A few words will explain the causes which eventually led to a failure of Bunsen's pacific efforts. Marriages between Romanists and Protestants (or so-called mixed marriages) had formerly been of rare occurrence in Prussia. Before the iron will of Frederick the Great, the naïve demands of the hierarchy of Silesiathe chief of which is a promise on oath that all children shall be brought up as Catholicshad dwindled into a passive attitude on their part. After the accession of Rhineland and Westphalia to the Prussian monarchy had added to the frequency of such marriages, it was truly fortunate that a prelate of moderate views in matters ecclesiastical and a good patriot—Count Spiegelheld the archiepiscopal see of Cologne (1825). With him, who forbade processions of his own accord as leading to immorality, and who favoured a more enlightened education of candidates for holy orders, an arrangement which would leave the consciences of spouses and priests unviolated was practicable. It was easily obtained by Bunsen's personal negotiation with the archbishop. The other Prussian bishops also consented; but such was the slothfulness of the absolute king's Government, that the death of that wise archbishop (1835) occurred before its ratification, and such their blindness to reality that they offered to promote a narrow-minded ascetic, Baron Droste, to the vacant post. “Is your king mad?” bluntly exclaimed the cardinal-secretary whilst hastening to accept, on the part of the Vatican, the proffered tool of Papal aggression! Before two years had passed the religious strife was in a blaze everywhere,—Jesuit advisers more eagerly listened to at Rome, Prussian bishops all but unanimous in their opposition against moderate counsels, and (so the Government was informed) the leadership of these machinations against the internal peace of Prussia entrusted to members of that uniformly Ultramontane body, the Belgian bishops. In this extremity Bunsen was again summoned to Berlin from his post. It is difficult at this distance of time to discern how far the advice he may have given was founded upon too sanguine a view both of the power of an absolute king, unaided by an emancipated public opinion, a free press, or a parliament, and of the intensity of the agitation raging in Catholic districts. But this much is known that, when the seizure of the chief offender in his archiepiscopal palace at Cologne was resolved upon, Bunsen understood that the archbishop would forthwith be placed before the ordinary judges of the country for disobedience to its laws. This was never done, and the seizure was so mismanaged that the incriminating documents are said to have been destroyed before the judicial authorities had set foot in the palace. Thus a complete failure was the result of this very unsafe step. The Government thought it easier to leave Bunsen unsupported when, after his return to Rome, he courageously attempted to convince the Vatican of the archbishop's guilt, and, in the hope of burying the matter in oblivion, they accepted Bunsen's offer of resignation, in April 1838. It may not be irrelevant to mention here that the king's successor, Frederick William IV., on his elevation to the throne in 1840, released Baron Droste from prison. This romantic king established his policy towards the Vatican on the principle of granting liberty of action to the Papal power,—a liberty so well employed both before and since the revolution of 1848, that at this moment (1876) all the energies of a powerful chancellor and a united Germany are taxed to the utmost to find a basis for harmonious coexistence between modern states and the hierarchy of Rome.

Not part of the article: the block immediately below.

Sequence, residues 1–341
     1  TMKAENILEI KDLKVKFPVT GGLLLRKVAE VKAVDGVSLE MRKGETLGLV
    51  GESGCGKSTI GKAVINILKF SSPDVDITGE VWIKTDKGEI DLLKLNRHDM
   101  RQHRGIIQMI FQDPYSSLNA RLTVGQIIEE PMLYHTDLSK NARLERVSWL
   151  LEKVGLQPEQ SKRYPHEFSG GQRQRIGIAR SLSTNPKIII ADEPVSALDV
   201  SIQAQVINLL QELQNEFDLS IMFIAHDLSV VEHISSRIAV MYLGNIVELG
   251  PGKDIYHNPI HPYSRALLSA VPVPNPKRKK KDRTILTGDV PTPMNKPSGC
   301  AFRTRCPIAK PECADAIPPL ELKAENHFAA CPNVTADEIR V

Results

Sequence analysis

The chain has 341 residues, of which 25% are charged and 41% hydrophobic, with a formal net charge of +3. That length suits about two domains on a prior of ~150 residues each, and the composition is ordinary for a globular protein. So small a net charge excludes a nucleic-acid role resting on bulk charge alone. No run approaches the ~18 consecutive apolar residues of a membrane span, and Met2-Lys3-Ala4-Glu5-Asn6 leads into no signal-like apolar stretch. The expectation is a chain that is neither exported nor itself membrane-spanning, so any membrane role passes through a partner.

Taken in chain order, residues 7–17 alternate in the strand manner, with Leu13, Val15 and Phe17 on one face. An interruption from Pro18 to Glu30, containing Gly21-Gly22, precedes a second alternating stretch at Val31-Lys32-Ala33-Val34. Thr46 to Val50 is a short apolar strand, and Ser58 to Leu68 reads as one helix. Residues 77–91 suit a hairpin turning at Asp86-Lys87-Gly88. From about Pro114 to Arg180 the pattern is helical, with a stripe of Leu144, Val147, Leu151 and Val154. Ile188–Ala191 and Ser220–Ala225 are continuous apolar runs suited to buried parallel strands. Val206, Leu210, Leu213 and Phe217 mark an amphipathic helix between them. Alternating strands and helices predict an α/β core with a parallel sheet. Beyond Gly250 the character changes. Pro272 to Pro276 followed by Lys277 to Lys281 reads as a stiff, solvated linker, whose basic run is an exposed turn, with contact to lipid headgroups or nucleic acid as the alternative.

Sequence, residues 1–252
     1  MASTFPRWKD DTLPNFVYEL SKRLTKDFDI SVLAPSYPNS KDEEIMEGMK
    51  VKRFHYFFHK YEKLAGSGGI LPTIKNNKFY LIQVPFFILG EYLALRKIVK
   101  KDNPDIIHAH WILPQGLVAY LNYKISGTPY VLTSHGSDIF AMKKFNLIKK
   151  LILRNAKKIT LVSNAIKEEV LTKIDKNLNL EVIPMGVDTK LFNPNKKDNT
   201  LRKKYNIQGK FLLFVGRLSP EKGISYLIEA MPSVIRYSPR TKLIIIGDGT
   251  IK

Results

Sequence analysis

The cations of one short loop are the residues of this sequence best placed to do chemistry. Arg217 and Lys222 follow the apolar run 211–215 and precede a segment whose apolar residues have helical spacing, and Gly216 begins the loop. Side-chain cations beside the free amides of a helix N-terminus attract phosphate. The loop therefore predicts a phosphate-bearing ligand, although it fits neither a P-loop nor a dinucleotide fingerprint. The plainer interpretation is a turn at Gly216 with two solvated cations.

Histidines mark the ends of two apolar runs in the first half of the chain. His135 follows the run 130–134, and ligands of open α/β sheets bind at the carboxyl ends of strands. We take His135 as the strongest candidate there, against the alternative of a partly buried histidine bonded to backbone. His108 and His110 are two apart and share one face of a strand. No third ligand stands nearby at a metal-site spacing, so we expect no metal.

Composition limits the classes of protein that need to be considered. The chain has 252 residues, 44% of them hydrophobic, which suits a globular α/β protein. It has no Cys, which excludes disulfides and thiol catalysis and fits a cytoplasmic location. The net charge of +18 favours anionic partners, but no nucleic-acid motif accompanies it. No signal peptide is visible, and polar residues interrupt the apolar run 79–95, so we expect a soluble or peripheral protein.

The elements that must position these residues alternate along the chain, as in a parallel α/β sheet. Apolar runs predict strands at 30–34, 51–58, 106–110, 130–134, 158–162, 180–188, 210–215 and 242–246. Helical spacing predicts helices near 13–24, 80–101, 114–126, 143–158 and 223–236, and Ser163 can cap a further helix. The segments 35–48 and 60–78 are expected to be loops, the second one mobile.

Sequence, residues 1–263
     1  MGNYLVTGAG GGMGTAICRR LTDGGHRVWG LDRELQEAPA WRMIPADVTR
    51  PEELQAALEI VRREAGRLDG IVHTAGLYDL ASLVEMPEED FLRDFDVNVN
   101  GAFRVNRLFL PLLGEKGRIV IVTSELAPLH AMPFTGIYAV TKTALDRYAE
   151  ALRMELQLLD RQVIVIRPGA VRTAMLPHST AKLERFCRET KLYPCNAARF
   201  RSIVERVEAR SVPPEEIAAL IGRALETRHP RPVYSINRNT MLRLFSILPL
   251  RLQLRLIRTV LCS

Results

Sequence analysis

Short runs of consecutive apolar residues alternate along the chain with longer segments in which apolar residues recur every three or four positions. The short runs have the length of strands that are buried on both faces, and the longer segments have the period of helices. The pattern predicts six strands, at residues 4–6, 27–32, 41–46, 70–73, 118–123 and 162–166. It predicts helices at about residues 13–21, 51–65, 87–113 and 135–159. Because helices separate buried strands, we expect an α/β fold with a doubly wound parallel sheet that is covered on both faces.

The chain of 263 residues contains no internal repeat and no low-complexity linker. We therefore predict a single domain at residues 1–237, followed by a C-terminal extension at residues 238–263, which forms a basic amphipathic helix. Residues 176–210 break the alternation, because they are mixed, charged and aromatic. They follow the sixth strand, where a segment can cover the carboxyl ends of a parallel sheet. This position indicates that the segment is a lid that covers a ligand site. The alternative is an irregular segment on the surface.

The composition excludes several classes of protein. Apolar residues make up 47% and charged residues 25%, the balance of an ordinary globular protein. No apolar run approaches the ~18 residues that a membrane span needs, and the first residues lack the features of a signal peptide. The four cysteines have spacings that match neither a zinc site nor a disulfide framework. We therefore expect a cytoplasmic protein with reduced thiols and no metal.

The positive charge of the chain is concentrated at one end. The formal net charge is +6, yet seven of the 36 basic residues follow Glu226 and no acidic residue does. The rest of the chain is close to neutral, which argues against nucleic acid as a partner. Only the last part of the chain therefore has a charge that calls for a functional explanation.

When Bunsen left the Eternal City a politically disappointed man, he was able, nevertheless, to look back upon a term of years filled with everything that could adorn life—intense domestic contentment, intimacy with distinguished men of every nation who had sojourned in Rome during his twenty-one years' residence there, success in establishing institutions which, like the Archæological Institute, the German Hospital, and the Protestant chapel, have outlived his stay, experience in public affairs, and a deepening of his religious convictions. Religion had become the centre of his most tender emotions, of his intellectual activity, of his practical aspirations. To restore to the Bible that place in the households of his country which it had possessed in the first generations after the Reformation, to revive the knowledge and the love of the German reformers' hymns, to give his people such a Book of Common Prayer, resting upon the liturgies of all Christian ages, as would help congregations in “presenting themselves a living sacrifice,” to rekindle the fervour of other days for works of self-devotion and charity, to work out a Christian philosophy of history,—such were the purposes to which he devoted his happiest and best hours in each succeeding year. Whilst he was at Rome a book of ancient hymns and a liturgy were printed.